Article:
Jan 30, 2006

Guest Blogger #7 - White Trash BBQ

I'd like to introduce Robert from White Trash BBQ as today's Guest Blogger. When I first found Robert's blog I drooled... a blog all about BBQ? Yes! And the pics are mouthwatering. Stop by and pay him a visit, you'll be glad you did!

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I’d like to thank Michele for inviting me to guest blog. I hope she’ll return the favor with an appearance on my blog WhiteTrash BBQ. This is my first guest Blogging experience so be gentle.

“High on the hog.” “Living the high life.” “Eating like Kings.” “Bringing home the bacon.” We’ve all heard them. There are a lot of food idioms out there that associate food with prosperity and wealth. How did this happen? Which foods were reserved for the well to do? And which were reviled and given to the, shall we say, “less fortunate?”’

For every food idiom that associates food with wealth, there’s a food stuff. You know what I mean, truffles, chocolates, lobster, etc. but those are for someone else to write about. I’m only going to focus on meat and not other food stuffs because I’m a barbecue guy and let’s face it, barbeque is about meat.

So how does “high on the hog” and “living the high life relate to meat? It’s actually amazingly simple. The better cuts of meat, the choice cuts, the most tender cuts, either from a cow or a pig, all come from the muscle groups of the animals that do the least amount of work. And where on the body do you think that is? Well, on both the cow and pig, it’s “high” on the animal; it’s the back, the part furthest from the ground. “High” on the back of the cow where you’ll find the T-bones, the Filet Mignon, the Prime Rib, the Porterhouse and finally the less desirable sirloin. If you look at the meat around the back legs, you’ll find the rounds. On the front shoulder you find the chuck and underneath that you find the brisket; tough and stringy and worn out from its constant use. The “upper cuts”, are tender only because they don’t do much work and they cook quickly.

In the barbecue belt, back in the mists of time when traditions began, a traditional “Southern Barbecue” was actually the cooking of whole pig over an open fire. Servants or slaves would roast the animal and serve the meat as it cooked to the boss. What did the boss eat while the folks were cooking and cleaning? You guessed it - the fast cooking meat from “high” on the hog. On a pig, those cuts are the Pork Loin, the Rack of Pork, the Tenderloin, the Pork Steaks, and Center Cut Chops. Once the best cuts were served to the master and honored guests. The sirloin, the rounds and the chuck would be served to less important people. What was left was given to the servants, the slaves or the poor White Trash.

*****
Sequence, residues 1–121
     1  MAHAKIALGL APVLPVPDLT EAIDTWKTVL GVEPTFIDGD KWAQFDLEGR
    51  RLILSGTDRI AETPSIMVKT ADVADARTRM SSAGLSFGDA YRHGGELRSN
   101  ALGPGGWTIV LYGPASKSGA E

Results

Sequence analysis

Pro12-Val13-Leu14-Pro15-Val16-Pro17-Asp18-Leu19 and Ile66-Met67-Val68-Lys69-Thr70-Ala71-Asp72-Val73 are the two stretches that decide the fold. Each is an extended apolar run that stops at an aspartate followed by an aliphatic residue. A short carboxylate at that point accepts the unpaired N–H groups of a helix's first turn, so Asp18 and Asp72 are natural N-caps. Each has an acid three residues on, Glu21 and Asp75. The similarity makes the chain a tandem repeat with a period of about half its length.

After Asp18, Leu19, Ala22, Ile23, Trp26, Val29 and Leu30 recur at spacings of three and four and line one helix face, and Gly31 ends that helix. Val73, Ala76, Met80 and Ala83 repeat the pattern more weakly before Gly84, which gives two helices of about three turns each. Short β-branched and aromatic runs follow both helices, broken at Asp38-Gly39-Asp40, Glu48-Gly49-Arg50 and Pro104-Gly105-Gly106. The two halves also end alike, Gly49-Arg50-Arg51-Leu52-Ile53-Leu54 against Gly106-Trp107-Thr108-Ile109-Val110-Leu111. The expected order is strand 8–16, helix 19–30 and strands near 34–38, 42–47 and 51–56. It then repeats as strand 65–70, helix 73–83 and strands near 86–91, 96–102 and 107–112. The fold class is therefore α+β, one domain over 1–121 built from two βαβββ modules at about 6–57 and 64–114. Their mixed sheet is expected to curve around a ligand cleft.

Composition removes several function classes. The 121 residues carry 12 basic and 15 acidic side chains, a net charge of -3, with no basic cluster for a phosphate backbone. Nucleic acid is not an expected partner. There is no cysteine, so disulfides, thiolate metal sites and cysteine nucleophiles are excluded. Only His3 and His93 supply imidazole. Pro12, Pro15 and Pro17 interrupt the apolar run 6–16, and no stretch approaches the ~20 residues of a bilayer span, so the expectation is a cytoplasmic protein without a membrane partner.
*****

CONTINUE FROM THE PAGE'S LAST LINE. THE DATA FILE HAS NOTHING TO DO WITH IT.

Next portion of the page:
But the slaves, the servants and the White Trash got the last laugh. They learned that by slow cooking the tough cuts of meat such as the spare ribs, or the pork shoulder and butt, the lowly cuts of meat were transformed into a dish “fit for a King.” There was magic in the smoke and the art of “low and slow.”

The poor, the slaves and the WhiteTrash all learned how to control a fire so that a full beef brisket or rack of pork spare ribs would cook slowly and tenderize the meat in the process. Good barbeque literally will “melt in your mouth.” Please don’t confuse barbeque with grilling. Grilling is cooking meat quickly directly over high heat. Barbecue is low and slow with fire temperatures rarely exceeding 250 degrees.

In the barbeque belt, most cooks cooked outdoors over wood or charcoal fires. This method became barbeque. In the north, most people lived in cities or in areas where the weather required indoor cooking for many months of the year, but the rules of divvying up the meat remained. The poor, immigrants, the working class and the WhiteTrash were all given the tough cuts of meat. In the north, braising became the method of choice in transforming tough meat to edible goodness.

So the next time you’re looking for a way to stretch your food budget, take a look at beef brisket, pork butt, spare ribs or any of the traditional barbeque foods. Last I looked, pork butt was going for $1.09 a pound and brisket was $2.19 a pound in my local supermarket while the better cuts of pork and beef were all $4.00 a pound or better. A little “low and slow” cooking either over a wood and smoke fire – barbecue, or in a pot and braised will work magic.

3 comments:

Cate said...

That's actually why I made Pork Butt for the first time. I was going past the meat counter and saw a huge hunk of meat for $4. I figured for the amount of meat I was getting and the price, I'd buy it and then figure out what to do with it. Brought it home, did an internet search to find a recipe and we've been hooked ever since. Definitely a great bang for your buck!

The Cookbook Junkie said...

I can get pork loin for $1.99/lb and sometimes even lower (actually I picked some up just last week for $1.57/lb) but pork loin isn't very flavorful. I'd rather slow cook a fattier piece of pork.

I bought an electric smoker last fall that I haven't used yet. I know that it isn't the optimal piece of bbq'ing equipment but I'm hoping to get some good results with it.

sssferragens said...

I recently came accross your blog and have been reading along. I thought I would leave my first comment. I dont know what to say except that I have enjoyed reading. Nice blog. I will keep visiting this blog very often.
(BBQ)Brick Barbecue,Grill